The reality here is not about Roving Gangs of thieves. The reality is about the neighbor(s) (and they number into the Many Thousands) who have Not Prepared and who have heard by Word of Mouth that you are happily giving away All your preps.
You need to sit down with your Family and ask their Honest opinion about giving up their comfort, if not their Very Lives, for the comfort of others.
Make no mistake about it. The non-preppers will be lined up outside your door from Morning to Night asking for “Just a little food”, “just a little water”, just a little wood”, etc. etc. until Everything you have is gone, leaving Your Family to starve and freeze because you’ve given it all away.
It is at that point that they will break into your house, trashing the place in their search for more supplies. In their rage at not finding any more and in their belief that You are holding out on them, They will most probably , Kill You and Your Family; especially after you have shown that you’re Not willing to Defend Your Lives or Property.
And That is Human Nature!
Wow. That is a happy picture Shaul. No wonder people shy away from “preppers”…such a grim perspective. But, you are welcome to believe as you do and I believe as I do. I’m not stupid or ignorant. I’m not against defending myself if necessary. But I believe in the goodness of most people and I believe in God. I belive that kindness and generosity are powerful. I will do what I feel prompted to do by God – even if difficult and scary b/c I trust Him. And funny that you assumed I have not discussed this with my family. I have. Here is a post that explains more about how I feel about this: https://simplefamilypreparedness.com/spiritual-self-reliance/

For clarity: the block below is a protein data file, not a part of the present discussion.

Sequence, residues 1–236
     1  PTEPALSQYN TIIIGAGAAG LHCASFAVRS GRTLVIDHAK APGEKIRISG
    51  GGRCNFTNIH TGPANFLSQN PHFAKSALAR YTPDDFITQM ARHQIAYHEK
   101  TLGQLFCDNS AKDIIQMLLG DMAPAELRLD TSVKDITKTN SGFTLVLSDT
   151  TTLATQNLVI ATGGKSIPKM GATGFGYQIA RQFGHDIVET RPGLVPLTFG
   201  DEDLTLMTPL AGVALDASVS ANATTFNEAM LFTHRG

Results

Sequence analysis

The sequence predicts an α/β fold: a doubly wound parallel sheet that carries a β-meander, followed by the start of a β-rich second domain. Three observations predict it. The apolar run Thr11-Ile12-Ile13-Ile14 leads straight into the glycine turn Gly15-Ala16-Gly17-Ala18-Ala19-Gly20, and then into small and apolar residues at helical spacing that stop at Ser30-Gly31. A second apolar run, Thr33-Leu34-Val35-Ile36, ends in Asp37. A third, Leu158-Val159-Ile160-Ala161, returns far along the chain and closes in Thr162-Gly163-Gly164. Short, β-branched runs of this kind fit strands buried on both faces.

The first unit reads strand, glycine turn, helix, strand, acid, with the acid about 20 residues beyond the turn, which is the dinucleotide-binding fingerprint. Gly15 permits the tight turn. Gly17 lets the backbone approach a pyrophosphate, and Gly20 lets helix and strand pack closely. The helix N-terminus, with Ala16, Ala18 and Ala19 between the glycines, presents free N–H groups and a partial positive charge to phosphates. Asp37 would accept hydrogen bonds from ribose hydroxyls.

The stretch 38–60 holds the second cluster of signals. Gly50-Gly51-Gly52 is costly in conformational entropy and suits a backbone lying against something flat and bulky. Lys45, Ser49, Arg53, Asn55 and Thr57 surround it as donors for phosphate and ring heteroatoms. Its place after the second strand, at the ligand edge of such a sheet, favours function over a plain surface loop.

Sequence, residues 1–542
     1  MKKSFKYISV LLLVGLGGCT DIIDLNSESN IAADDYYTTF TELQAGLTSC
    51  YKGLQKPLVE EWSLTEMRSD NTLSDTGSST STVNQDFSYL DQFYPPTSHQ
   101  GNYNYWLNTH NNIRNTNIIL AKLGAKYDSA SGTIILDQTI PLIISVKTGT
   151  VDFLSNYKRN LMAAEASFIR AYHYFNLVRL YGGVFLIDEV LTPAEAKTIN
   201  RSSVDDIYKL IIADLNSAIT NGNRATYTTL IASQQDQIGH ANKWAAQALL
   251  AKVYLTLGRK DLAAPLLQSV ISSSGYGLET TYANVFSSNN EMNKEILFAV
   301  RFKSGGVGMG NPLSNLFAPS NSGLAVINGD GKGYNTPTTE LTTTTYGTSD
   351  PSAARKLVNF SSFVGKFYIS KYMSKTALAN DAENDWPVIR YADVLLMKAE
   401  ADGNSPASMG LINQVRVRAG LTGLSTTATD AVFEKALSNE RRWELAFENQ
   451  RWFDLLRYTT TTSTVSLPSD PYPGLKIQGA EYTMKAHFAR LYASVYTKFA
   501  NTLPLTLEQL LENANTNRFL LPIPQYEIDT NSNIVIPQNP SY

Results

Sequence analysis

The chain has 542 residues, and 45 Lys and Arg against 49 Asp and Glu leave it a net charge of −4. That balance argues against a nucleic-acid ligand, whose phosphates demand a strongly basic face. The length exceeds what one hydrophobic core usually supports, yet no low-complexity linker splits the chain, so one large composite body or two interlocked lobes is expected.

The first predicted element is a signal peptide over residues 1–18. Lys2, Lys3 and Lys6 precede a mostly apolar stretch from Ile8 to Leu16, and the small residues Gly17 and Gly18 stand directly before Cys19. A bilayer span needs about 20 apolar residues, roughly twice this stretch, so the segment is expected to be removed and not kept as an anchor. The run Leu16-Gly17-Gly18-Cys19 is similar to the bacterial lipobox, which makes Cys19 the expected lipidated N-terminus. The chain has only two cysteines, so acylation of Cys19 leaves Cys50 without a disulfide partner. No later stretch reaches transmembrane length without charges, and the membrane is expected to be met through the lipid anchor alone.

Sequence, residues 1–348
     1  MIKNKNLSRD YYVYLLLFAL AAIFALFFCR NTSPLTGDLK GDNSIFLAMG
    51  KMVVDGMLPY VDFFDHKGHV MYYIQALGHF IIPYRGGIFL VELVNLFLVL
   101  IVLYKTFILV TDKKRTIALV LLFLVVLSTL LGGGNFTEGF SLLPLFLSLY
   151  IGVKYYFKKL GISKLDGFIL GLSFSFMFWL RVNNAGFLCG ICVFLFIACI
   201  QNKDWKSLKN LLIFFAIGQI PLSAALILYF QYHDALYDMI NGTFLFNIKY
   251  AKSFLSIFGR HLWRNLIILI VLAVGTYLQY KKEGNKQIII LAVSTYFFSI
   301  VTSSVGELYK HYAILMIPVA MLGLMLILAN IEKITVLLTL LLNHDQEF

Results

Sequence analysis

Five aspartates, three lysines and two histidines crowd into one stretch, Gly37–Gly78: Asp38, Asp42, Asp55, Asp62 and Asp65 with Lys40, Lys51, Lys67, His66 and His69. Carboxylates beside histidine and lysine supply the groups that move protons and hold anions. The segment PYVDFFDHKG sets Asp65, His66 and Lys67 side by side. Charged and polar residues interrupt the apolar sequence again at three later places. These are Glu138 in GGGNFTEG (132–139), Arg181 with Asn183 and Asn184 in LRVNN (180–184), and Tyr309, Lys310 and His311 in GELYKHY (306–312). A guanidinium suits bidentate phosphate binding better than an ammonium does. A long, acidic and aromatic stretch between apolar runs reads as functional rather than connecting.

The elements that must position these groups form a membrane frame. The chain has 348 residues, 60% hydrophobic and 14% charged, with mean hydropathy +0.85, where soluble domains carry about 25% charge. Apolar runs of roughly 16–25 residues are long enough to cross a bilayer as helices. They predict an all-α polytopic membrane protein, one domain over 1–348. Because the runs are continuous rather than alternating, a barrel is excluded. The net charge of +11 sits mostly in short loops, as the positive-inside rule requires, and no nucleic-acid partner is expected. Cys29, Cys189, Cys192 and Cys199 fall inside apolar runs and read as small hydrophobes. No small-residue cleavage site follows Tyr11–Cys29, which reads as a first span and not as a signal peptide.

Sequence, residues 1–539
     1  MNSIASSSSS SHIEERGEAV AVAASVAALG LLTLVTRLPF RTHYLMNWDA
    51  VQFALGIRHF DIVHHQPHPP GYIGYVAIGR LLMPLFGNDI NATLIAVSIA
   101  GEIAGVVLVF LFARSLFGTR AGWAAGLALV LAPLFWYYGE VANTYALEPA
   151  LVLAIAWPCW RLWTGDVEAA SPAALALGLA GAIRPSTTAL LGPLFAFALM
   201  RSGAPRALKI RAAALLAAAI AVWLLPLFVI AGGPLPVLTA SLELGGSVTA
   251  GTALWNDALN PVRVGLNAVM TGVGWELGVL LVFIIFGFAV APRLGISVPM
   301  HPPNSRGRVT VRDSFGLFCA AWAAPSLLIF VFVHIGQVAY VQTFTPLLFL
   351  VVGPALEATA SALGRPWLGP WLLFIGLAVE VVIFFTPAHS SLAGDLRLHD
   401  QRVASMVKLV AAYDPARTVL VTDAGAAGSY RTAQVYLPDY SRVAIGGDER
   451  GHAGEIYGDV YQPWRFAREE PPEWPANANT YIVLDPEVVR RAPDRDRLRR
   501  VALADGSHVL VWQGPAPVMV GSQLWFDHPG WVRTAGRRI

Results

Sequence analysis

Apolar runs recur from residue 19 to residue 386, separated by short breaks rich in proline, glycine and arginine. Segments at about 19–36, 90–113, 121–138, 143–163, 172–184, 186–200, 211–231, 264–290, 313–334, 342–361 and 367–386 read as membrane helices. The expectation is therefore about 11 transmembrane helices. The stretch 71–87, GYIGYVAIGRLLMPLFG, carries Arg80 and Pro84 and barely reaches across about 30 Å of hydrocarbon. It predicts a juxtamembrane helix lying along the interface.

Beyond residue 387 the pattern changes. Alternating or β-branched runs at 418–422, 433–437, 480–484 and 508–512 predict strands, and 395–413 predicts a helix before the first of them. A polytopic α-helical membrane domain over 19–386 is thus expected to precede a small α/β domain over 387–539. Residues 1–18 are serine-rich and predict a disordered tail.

OOooh thanks for the new series! Along with the emergency kit posts, I know it will help my family be prepared for almost anything. And even if I don’t complete every step, I know that at least I’m more prepared than I would’ve been before I found your blog. Thanks again!
You are welcome Deb. ANd you are right…something is MUCH, MUCH better than nothing even if it isn’t everythign!